Through a federal lens, marijuana is an illicit drug. As a Schedule I controlled substance, it is regulated by federal authorities. However, recreationally in 23 states and medically in 38, marijuana is legal:
For smaller firms, the policy gap between the federal government and the states has created a big problem.
A Marijuana Trademark
When you’ve selected a name for your business, you like it to be yours. After all, if one, two, or three others used the same identity, your customers would have a tough time finding you. One solution is to trademark your name. (For these reasons, I trademarked econlife.)
However, with a cannabis company, it is not quite that easy. A business selling what the federal government calls a Schedule 1 substance cannot get a federal trademark. As a result, Budega NYC could only get a trademark for the clothing it sold, But for its cannabis operation, the name Budega was not protectable. Consequently, several Southern California dispensaries used that name. In other industries, copycats are subject to trademark infringement enforcement. But not here.
Our Bottom Line: Intellectual Property
Think for a moment about Apple’s logo, the shape of a glass Coca-Cola bottle and McDonald’s Golden Arches. All protected by trademarks, they are a firm’s intellectual property. Similarly, copyrights assure authors that they control the books they write and patents convey ownership to inventors.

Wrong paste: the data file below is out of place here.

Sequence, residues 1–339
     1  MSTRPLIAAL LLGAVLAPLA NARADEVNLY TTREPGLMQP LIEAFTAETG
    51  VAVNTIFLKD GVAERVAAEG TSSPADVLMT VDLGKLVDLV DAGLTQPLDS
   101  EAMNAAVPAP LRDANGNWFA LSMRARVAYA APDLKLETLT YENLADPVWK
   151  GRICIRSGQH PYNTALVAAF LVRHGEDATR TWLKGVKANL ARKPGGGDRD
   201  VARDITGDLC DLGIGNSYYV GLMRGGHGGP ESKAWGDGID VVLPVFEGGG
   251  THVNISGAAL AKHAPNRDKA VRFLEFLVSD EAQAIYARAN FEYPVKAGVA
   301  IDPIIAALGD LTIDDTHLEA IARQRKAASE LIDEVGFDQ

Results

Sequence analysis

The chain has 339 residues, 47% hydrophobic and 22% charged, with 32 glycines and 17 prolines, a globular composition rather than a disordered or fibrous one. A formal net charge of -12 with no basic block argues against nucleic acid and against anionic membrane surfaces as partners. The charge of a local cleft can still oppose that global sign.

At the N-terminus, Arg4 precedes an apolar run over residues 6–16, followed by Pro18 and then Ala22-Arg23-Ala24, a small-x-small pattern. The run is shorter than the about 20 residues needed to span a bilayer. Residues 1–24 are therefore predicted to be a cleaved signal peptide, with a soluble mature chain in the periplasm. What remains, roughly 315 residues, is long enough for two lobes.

Sometimes though intellectual property rights can be tricky. The courts said it was okay for the 2nd Avenue Deli to serve an Instant Heart Attack sandwich even though the Heart Attack Grill of Las Vegas claimed the Heart Attack trademark for its burgers. And while Louboutin could trademark its red soles, it could not claim the exclusive right to produce a red shoe.
Also, it’s tricky when a business needs national recognition of its name, but that protection is unattainable because of a federal state disagreement. Like all businesses in a market economy, the cannabis industry needs secure intellectual property rights.
My sources and more: Thanks to the NY Times for alerting me to the perils of a Cannabis trademark dispute. Furthermore, you might want to see the federal alternatives expressed by the Congressional Research Service and what a law firm suggests to cannabis businesses. In addition, and maybe even more crucially, we’ve seen how the federal state contradiction extends to banking.
Please note that several sentences in today’s “Bottom Line” were in a past econlife.